About This Site

  • This blog is a record of my various gardens in and around Shepherdstown, WV over the past few years. They are classic potagers and the goal has been to produce food for the kitchen year round.
    As a blog, it shows the most recent entries first, in reverse chronological order. If you'd rather read the blog in chronological order, from the beginning, click on the link below.
  • Read Blog From The Beginning
    Use the linked headers at the top of each entry to move back and forth.
  • My Partners In Crime
    Chris & Lori funnin' & sunnin' in the Princess Street garden pictured in the banner above.

May 2015

Sun Mon Tue Wed Thu Fri Sat
          1 2
3 4 5 6 7 8 9
10 11 12 13 14 15 16
17 18 19 20 21 22 23
24 25 26 27 28 29 30

Garden Klog © 2014

« First Morels | Main | Peas Are Blooming! »

April 25, 2011



This is the perfect webpage for anybody who hopes to understand this topic. You realize a whole lot its almost tough to argue with you (not that I actually would want to…HaHa). You certainly put a brand new spin on a subject that has been discussed for ages. Wonderful stuff, just wonderful!

Vivian Darkbloom

Sorry this is not relevant to your mulching project. However, I wanted to write to thank you for the tip on using a concrete wire reinforcing grid as a support for tomato plants. Since I live in France, the idea has now been re-exported here (although I have yet to see it used elsewhere here).

Some further thoughts on this method. I use deep bed plots that are approximately 3 meters by 1.5 meters. The concrete wire reinforcement grids that are sold here are a pretty good fit for this size of bed. I only had to cut about 50 centimeters along the short side of the standard grid to arrive at the right size for the bed. If you cut the grid so that there are free standing metal rods protruding on the width side (that is, remove the wire from one end of the square to form a "U"), this allows this end of the wire grid to be inserted into the ground just inside both sides the container. This forms a sort of cloche and the tension of the wire also presses against the sides of the container providing even more stability to the quonset-like shape of the setup.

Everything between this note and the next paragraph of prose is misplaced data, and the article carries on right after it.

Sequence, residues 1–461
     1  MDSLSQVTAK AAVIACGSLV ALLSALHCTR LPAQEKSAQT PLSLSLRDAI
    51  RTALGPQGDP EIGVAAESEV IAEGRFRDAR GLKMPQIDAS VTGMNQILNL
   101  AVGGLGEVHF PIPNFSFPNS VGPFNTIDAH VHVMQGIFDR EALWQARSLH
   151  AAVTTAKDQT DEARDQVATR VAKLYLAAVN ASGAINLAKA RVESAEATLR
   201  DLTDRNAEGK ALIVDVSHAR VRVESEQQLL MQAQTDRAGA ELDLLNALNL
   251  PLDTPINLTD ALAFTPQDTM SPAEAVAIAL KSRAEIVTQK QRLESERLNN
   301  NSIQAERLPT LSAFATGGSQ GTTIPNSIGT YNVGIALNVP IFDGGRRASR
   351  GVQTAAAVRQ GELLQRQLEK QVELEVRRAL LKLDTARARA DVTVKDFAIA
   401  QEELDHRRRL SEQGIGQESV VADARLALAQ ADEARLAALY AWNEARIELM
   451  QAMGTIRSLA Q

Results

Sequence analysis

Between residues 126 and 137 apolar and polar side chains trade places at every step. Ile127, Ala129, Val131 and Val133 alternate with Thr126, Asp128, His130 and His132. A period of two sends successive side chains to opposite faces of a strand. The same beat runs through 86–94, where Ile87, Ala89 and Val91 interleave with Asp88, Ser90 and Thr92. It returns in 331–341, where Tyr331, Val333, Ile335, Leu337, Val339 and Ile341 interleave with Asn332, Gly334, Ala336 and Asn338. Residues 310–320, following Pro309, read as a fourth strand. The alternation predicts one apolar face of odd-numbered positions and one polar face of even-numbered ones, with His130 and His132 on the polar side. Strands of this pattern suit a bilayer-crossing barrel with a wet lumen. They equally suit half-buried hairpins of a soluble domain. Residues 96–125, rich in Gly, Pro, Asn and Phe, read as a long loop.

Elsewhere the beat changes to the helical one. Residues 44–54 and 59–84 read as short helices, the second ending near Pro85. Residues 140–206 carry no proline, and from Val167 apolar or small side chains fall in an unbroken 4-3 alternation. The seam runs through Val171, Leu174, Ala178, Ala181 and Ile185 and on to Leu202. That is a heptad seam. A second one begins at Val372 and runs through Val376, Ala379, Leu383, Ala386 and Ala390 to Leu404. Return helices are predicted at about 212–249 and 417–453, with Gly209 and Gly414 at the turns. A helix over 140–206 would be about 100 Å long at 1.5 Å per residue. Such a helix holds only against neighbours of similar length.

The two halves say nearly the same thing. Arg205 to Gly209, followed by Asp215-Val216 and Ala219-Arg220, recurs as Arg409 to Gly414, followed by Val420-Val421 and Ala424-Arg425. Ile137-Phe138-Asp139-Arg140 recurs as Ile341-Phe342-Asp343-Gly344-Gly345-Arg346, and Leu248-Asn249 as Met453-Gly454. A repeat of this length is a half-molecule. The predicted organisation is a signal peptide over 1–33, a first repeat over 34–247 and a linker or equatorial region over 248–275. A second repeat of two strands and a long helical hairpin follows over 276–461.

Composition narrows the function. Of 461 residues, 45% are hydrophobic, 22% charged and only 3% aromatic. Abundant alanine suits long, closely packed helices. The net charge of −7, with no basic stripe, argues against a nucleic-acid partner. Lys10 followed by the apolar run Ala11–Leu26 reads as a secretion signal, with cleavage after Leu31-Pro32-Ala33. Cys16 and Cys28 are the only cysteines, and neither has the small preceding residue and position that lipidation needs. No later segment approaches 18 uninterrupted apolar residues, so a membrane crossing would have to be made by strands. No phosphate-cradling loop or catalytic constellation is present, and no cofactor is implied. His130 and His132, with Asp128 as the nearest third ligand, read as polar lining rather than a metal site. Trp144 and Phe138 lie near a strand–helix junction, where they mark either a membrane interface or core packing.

Another nice feature is that if you want to set the plants out early, the grid can be set up in the bed early in the season and covered with heavy plastic sheets. When the weather warms up, the plastic sheet can be removed and wire grid frame then used to support the plants. Given the standard size of the beds used, the grid can be easily moved from bed to bed as needed. ( I'm thinking of adding some grommets to heavy plastic sheets to allow for ease of attaching and detaching the plastic and to prevent tearing).

The grid costs about US$15 here.

It's a pity you do not update this site more often.

The comments to this entry are closed.

Guest Book

  • Link To Guest Book
    Whether you just walked by the garden, or have visited a number of times, we'd like to know what you think and where you came from. So please visit our Guest Book page and let us know who you are, where you are from, and what you think!

Q&A Page

  • Link To Q & A Page
    Have a question about something you saw in the garden, or on the klog? Or something you saw in your own or another garden? Go to our Q&A page and post a question for Shep or another reader to answer.

Tip Jar

Change is good

Tip Jar